Several major players in the facial recognition market – IBM, Amazon, and Microsoft – have halted all sales of facial recognition technology (FRT) to police departments in the United States. Each of these companies made a statement regarding technology’s relationship to public safety.
IBM CEO Arvind Kirshna sent an open letter to several US Senators and House Representatives, stating “IBM no longer offers general purpose IBM facial recognition or analysis software. IBM firmly opposes and will not condone uses of any technology…for mass surveillance, racial profiling, violations of basic human rights and freedoms…”
Amazon’s corporate blog states that “We’re implementing a one-year moratorium on police use of Amazon’s facial recognition technology.”
Microsoft President Brad Smith said, “We will not sell facial-recognition technology to police departments in the United States until we have a national law in place, grounded in human rights, that will govern this technology.”
Separating Use of Facial Recognition Technology for Law Enforcement from Other Use Cases
Each of these statements are backed by a longer and more nuanced explanation by each company. But this leaves many questioning the biometric authentication methods that they use to unlock their phones, or the detection technology on many social media platforms that recognizes faces in photos. Users should remember “facial recognition” is a generic term that is often used to describe dissimilar technologies. These different technologies can be more accurately described as separate categories of facial recognition technology:
Facial Matching is the technology that IBM, Amazon, and Microsoft are most likely referring to, as it has the most applicability to surveillance and identifying a previously unknown suspect. Facial Matching is a one-to-many approach that allows the user of a matching system to input a photo or video footage and discover the identity of someone previously unknown by finding a match in a database of many faces. Facial Authentication requires positive identification of an individual, meaning that the user already knows who the input photo or footage belongs to, but must show proof that the input data is who the user says it is. This one-to-one authentication has vastly different implications for law enforcement and the potential rise of mass surveillance for public safety.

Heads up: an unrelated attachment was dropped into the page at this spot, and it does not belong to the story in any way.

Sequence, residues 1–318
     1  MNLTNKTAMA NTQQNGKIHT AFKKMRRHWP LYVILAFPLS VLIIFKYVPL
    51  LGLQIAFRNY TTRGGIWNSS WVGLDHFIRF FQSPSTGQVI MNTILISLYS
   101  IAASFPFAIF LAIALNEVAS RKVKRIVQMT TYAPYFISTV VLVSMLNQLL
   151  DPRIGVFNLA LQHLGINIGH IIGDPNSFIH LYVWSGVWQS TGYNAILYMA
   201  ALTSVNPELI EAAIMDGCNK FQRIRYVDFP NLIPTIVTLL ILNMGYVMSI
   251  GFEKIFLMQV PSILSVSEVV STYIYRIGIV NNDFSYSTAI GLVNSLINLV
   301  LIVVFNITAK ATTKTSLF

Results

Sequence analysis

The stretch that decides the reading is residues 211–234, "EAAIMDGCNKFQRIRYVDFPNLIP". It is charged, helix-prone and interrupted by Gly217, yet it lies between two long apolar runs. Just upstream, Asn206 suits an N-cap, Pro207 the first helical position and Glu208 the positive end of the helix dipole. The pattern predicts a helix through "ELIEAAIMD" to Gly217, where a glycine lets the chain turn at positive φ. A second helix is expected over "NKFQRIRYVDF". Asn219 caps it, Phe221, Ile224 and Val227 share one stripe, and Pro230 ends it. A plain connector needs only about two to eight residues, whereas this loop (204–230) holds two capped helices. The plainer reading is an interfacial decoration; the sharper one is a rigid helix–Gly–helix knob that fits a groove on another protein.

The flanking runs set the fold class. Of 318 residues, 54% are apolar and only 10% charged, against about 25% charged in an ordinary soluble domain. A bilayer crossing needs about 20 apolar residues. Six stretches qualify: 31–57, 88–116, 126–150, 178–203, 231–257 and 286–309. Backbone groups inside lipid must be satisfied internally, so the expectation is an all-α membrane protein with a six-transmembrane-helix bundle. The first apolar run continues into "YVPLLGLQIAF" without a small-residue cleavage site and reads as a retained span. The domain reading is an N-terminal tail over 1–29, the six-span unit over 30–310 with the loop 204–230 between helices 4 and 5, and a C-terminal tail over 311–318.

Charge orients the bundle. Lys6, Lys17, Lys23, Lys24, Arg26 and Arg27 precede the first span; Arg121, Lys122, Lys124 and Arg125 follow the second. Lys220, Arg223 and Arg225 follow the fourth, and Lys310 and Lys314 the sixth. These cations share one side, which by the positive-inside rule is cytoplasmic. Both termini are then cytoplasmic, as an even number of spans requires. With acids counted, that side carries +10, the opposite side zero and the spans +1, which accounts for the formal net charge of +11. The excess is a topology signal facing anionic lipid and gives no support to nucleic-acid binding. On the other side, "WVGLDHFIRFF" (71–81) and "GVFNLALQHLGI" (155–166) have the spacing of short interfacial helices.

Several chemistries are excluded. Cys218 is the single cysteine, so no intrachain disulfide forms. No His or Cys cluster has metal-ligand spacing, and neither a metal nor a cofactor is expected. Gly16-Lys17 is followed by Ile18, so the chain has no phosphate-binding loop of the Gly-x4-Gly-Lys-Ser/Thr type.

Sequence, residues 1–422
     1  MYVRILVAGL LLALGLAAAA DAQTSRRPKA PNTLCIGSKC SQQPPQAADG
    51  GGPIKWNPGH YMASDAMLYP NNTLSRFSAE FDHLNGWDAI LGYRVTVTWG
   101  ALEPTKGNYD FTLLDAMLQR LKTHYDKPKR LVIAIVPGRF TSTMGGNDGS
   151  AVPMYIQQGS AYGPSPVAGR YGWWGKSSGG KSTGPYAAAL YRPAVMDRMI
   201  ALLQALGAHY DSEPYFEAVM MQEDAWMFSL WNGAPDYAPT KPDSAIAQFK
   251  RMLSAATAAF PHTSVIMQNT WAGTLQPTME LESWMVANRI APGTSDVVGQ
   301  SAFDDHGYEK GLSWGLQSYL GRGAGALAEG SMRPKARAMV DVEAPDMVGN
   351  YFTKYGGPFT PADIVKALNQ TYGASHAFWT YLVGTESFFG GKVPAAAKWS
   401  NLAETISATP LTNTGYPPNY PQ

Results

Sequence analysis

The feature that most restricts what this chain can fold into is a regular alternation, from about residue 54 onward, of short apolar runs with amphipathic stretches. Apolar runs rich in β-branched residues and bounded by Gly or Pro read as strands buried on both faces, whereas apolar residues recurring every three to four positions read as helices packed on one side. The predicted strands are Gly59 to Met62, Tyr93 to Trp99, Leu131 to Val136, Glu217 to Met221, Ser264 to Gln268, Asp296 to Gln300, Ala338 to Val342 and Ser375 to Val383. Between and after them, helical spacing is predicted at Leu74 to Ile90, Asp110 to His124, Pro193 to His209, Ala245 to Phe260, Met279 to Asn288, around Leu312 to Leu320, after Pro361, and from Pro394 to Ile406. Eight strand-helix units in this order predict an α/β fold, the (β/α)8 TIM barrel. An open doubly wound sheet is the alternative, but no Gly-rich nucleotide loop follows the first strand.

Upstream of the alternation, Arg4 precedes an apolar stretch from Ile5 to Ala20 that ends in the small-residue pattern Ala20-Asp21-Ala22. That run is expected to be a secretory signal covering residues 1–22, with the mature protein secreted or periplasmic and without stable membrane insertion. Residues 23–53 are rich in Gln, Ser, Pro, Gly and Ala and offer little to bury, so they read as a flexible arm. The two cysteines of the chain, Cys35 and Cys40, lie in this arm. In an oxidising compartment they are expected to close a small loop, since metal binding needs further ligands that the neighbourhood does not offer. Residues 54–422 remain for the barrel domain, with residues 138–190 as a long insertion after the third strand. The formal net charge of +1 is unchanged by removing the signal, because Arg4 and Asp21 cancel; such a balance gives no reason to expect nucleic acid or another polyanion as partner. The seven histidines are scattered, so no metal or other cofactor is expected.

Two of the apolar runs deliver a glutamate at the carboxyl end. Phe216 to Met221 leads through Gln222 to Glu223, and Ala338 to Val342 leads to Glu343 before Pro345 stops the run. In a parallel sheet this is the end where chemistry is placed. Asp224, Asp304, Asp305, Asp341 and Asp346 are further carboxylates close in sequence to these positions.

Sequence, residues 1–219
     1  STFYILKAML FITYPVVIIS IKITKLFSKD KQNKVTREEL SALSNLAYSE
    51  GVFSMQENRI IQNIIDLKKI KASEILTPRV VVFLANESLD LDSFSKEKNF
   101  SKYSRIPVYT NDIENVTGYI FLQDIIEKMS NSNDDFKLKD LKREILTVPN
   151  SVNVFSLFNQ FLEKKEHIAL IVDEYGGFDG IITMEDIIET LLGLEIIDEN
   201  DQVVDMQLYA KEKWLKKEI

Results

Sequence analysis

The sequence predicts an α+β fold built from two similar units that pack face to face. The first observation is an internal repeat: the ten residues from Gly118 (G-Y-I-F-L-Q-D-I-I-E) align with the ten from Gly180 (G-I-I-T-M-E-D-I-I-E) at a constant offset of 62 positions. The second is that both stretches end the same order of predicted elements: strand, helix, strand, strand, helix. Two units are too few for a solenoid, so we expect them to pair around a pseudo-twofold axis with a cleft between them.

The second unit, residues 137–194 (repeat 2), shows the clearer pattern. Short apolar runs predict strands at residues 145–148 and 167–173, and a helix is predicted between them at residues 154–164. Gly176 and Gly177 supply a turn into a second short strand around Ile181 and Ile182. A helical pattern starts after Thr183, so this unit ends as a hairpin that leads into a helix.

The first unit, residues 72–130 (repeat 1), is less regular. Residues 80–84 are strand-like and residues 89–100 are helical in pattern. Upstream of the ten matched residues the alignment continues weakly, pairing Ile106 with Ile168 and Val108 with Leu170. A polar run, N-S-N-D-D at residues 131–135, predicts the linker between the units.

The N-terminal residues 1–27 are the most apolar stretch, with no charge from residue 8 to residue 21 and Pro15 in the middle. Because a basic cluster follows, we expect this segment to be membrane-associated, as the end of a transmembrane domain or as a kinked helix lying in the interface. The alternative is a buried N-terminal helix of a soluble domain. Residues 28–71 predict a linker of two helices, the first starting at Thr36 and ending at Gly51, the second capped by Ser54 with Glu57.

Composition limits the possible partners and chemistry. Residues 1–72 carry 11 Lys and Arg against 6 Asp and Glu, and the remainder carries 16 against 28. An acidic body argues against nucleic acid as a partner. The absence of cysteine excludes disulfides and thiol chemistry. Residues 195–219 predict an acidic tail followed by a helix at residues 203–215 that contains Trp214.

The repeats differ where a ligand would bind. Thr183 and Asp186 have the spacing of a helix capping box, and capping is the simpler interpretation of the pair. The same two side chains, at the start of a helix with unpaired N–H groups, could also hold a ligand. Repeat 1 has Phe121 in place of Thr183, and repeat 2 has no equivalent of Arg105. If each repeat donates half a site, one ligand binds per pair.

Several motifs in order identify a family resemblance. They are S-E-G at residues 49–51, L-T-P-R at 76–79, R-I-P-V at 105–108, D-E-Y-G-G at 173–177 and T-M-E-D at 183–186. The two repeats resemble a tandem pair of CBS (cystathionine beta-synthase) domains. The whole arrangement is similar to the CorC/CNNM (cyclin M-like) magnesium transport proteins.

Potential Upcoming Legislation on Facial Recognition
Legislation for facial recognition technology is in the pipeline, both in the EU and US. In February 2020, the Assembly Bill 2261 was introduced in California that would add a section relevant to facial recognition to the CCPA. The general summary of this bill that individuals must give consent to having their facial data collected, and once that data is collected then individuals must have protected rights to knowledge, erasure, etc. This operates on the assumption that collection of data is acceptable or inevitable. The bill prescribes that data processors must make available the technical capacity to independently test for bias and unfair performance differences of facial recognition technology. Data controllers must provide “conspicuous and contextually appropriate notice” anytime a facial recognition service is used in a public space, and must include the purpose it is used for. Consent from an individual to enroll their face in a facial recognition service is required for all purposes except security or safety purposes. Given the current public sentiment towards police, is possible that the bill will not pass into law.
Current EU data protection rules and the Law Enforcement Directive do not permit biometric data, including facial images, to be processed for identifying an individual in the one-to-many approach, except for reasons of substantial public interest. The Commission is still discussing the intersection of AI and facial recognition technology with the appropriate use of biometric data, and has no official statements as of yet. Since 2017, police departments in Germany, France, and the UK have piloted facial recognition in the field and with volunteers. It was determined that in France and Germany, the technologies piloted could not be legally used outside of a test setting.
Impacts for Business
The sweeping statements made by industry leaders pose a risk that facial recognition technologies will lose public favor. The distinction between authentication, detection, and identification services is not yet clear in the public sphere, and the public sector is not moving quickly enough to address general concerns of safety and human rights violations. It is the role of the public sector to initiate legislation, but it still relies on private companies to develop or procure technologies. As usual, it is the private sector that drives progress on facial recognition by continuing to bring solutions to the market, and should strive to protect fundamental human rights when doing so.
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